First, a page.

It is the on-going question from parents and a question of high debate among piano teachers: Is my child too young for piano lessons? We’ve all seen videos like the one of the 4 year old who was featured on the show Little Big Shots, but how young is too young?
I have recently read this great article about a small study that has shown that there is a benefit to children’s brains if they begin lessons before the age of 7.
Truth is, there isn’t a right or wrong way to answer that question. It depends on the individual student.
Instead of only asking whether or not your child is too young for lessons, here are 5 questions to ask yourself instead:
1. Does your child have interest in piano lessons?
No matter how old your child is, what really matters is whether or not they are interested in the piano. If there is a true interest in learning to play, then your child should try lessons! It’s interest not age that will make the biggest difference for them. If your child is not remotely interested in lessons, then now may not be the time for them.
2. How long is your child’s attention span?
Most teachers consider this to be the biggest tell-tale sign of a student being ready for lessons. I agree that this is important because lessons do require that your child sit, listen and interact with their teacher for a lesson period. For some little ones, 30 minutes is too long for them, and that’s ok! This is why I offer 20 minute lessons for preschoolers. If your child cannot maintain attention for at least 20 minutes, you may need to wait a little bit longer before starting lessons.
3. Does your child know how to count and can they identify colors, letters and numbers?
Ok, I want to preface this by saying that this is something we can work around. However, it certainly does help a whole lot if your child can already identify letters, numbers, colors and can count. This opens up a HUGE range of activities we can use to reinforce what they learn in their lessons.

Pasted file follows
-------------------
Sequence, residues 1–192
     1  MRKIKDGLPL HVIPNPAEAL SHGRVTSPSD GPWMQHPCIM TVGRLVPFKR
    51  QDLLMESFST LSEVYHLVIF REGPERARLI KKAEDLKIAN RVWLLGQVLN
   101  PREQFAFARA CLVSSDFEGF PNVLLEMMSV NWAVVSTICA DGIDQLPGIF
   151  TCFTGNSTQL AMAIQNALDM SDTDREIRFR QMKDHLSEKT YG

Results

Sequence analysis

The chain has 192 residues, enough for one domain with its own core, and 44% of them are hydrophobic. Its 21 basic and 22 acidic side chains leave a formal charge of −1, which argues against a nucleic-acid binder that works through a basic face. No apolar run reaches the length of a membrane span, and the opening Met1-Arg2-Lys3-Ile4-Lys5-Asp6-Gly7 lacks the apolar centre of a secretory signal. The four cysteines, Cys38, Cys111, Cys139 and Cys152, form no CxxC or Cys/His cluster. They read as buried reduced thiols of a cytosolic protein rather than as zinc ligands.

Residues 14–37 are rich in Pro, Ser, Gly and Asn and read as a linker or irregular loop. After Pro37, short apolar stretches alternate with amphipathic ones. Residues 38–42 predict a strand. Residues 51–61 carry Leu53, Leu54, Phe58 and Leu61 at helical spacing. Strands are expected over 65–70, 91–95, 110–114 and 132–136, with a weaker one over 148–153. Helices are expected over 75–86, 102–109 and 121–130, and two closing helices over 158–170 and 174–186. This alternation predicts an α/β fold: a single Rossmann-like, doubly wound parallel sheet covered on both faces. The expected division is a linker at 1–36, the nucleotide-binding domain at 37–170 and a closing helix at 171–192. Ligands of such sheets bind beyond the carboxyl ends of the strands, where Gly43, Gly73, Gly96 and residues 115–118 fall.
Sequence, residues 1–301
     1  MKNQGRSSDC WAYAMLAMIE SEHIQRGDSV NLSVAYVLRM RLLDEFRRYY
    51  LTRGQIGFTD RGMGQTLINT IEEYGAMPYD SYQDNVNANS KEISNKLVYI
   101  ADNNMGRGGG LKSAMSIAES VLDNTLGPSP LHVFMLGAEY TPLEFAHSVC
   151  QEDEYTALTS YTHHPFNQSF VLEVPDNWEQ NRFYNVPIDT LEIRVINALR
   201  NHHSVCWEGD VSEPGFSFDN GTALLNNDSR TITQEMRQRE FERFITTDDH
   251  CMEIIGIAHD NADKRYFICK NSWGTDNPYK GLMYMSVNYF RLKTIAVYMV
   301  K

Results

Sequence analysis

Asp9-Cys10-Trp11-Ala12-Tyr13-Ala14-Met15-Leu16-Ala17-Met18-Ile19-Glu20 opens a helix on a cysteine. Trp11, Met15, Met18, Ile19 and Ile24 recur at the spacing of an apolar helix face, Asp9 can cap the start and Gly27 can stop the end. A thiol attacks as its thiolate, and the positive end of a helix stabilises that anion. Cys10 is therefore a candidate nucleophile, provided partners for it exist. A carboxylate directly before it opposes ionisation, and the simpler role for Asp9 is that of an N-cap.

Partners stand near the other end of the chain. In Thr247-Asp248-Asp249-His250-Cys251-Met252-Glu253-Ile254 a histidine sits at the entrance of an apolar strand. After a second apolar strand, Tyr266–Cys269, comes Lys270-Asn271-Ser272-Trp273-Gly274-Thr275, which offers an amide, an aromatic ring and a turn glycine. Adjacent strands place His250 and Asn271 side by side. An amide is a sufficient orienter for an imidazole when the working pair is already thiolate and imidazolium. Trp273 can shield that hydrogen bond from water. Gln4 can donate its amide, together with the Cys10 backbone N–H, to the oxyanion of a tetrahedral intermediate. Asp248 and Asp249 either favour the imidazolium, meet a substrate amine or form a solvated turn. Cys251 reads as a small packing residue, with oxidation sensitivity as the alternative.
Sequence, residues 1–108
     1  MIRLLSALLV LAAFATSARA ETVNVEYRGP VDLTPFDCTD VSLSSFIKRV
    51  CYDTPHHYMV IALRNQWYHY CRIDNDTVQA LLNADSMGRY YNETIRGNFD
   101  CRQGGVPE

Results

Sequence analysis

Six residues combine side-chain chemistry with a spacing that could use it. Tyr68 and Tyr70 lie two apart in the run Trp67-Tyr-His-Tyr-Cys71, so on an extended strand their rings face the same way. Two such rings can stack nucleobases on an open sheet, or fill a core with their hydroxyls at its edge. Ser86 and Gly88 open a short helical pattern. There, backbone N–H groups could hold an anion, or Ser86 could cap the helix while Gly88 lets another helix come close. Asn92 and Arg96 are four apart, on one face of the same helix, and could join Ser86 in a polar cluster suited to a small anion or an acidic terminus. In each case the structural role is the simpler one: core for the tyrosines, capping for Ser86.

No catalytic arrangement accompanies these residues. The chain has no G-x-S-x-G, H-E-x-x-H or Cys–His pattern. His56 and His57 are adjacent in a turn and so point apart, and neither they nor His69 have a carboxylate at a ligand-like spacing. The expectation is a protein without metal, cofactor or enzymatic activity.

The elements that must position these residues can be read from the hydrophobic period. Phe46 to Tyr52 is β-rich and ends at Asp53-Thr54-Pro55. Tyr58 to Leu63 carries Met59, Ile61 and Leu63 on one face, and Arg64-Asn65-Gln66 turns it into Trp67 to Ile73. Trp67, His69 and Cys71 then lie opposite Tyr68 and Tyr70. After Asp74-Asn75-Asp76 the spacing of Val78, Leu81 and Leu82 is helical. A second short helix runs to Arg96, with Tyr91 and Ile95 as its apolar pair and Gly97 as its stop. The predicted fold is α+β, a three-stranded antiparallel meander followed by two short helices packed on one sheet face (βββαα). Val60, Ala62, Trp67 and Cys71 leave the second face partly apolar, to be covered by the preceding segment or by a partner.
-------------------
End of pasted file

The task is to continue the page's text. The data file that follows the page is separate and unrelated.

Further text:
4. Do you have the time to invest in lessons?
The younger your child is, the more parental involvement will be needed. I require preschool students’ parents to sit in on lessons so that parents are also aware of what we are working on in lessons to aid with practicing during the week. Little ones are unable to independently practice, so this is super important! Parents have to consider whether or not they have the time to sit and practice with their child daily. This will be a necessity for them to progress and be successful.
5. What are your expectations for lessons?
Since young children are each individually different both personality and developmentally wise, your expectations for how quickly they progress and what they learn during lessons will need to be flexible. Some preschoolers may fly through lessons and may be able to play songs easily, while others’ lessons may need to be more of a musical enrichment experience that lays a foundation for future lesson progress. Both situations are ok and very beneficial to your child! Just be aware that lessons for little ones may look different than they do for older kids.
So, how did you answer these questions? If your answers reflect that your child is ready, contact me for lessons today!
Your little one will love this book about music!